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Create a Purpose Statement, Not a Mission Statement

Monte Wyatt & Brad Sugars, Sep 26, 2019

Every organization has a reason for being. A lot of companies have sincere and serious mission statements that describe their reasons for being, but a lot of these mission statements are feel-good platitudes designed to get buy-in from as many people as possible.

For example, who would object to the following mission statements?

"To build the Web’s most convenient, secure, cost-effective payment solution." — PayPal

"Delight our customers, employees, and shareholders by relentlessly delivering the platform and technology advancements that become essential to the way we work and live." — Intel

"To deliver information on the people, ideas, and technologies changing the world to our community of affluent business decision makers." — Forbes

"To be a company that inspires and fulfils your curiosity." — Sony

"To be the global energy company most admired for its people, partnership, and performance." — Chevron

These are all uplifting sentiments, but they could also describe the mission of any number of good companies. These mission statements don't work for us, because they don't define the company's unique reason for being. They don't offer anything that shows how the company will achieve its goals. What do these lofty statements mean for customers? For stakeholders? For anyone? What do they even say, anyhow? For a lot of reasons, we think esoteric, future-oriented mission statements are a fad that’s outlived its purpose.

This is not to say we don’t believe in mission. The Discipline of Mission is all about fostering an emotional connection between the company and people: customers, employees, stakeholders, community members. To do this, we believe it’s more appropriate to have a purpose statement that can answer the question anyone would ask of a company: Why do you do what you do in the here and now?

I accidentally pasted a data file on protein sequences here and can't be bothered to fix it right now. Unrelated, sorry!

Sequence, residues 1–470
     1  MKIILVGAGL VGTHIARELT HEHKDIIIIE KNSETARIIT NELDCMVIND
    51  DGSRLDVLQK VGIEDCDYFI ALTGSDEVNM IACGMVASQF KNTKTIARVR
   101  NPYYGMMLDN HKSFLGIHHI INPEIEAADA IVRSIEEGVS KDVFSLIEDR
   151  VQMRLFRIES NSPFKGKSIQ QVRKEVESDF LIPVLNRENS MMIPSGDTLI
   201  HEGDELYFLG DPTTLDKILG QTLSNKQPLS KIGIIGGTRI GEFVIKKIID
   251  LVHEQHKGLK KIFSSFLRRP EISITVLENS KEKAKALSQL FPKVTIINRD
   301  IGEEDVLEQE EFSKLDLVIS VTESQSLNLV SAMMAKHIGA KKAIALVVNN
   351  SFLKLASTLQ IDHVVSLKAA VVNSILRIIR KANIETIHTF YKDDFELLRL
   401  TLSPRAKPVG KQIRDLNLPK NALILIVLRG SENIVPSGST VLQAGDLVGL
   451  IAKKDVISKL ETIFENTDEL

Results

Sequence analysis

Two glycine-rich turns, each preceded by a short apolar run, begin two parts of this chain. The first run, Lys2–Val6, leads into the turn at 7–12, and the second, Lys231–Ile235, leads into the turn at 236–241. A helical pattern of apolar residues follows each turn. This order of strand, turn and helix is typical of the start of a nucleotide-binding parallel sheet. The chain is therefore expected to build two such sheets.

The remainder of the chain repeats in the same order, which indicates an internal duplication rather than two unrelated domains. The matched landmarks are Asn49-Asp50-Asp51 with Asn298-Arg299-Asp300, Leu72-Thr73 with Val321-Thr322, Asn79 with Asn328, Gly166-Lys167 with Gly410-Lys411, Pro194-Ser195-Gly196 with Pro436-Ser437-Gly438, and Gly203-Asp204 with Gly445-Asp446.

We believe that an effective purpose statement will not only describe what your company's reason for being is, it will be as inspirational as a lofty mission statement, but more actionable.

A purpose statement tells people what ignites your passion and inspires you to be the best you can be. It draws on skills and experience while stimulating personal growth and future opportunity.

Here are examples of good purpose statements:

“The Climate Corporation aims to help all the world’s farmers sustainably increase productivity of their farming operations.”— The Climate Corporation, a digital agriculture company that examines weather, soil and field data to help farmers determine potential yield-limiting factors in their fields.

"Delivering happiness to customers, employees, and vendors.” – Zappos, the online retailer known for its high-quality customer service.

"Fierce advocates for justice." New York's John Jay College for Criminal Justice.

And then there's a motivation statement from Bosch, the maker of high-quality appliances. "Invented for life: we want our products to spark enthusiasm, improve quality of life, and help conserve natural resources."

Each of these statements says something actionable, as well as inspirational.

A clear purpose statement includes these:

  • An explanation for the company's reason for existing
  • An identity for employees to latch onto
  • An inspiration for inventiveness and advancement in the organization.

The purpose statement should be a driving force in decision-making, reflecting the company's core values.

To recap, the Discipline of Mission fosters an emotional connection inside and outside the organization. A purpose statement answers the question anyone would ask of a company: Why do you do what you do in the here and now?

We'd love to hear from you. Can you identify your company's purpose statement? Thank you for sharing.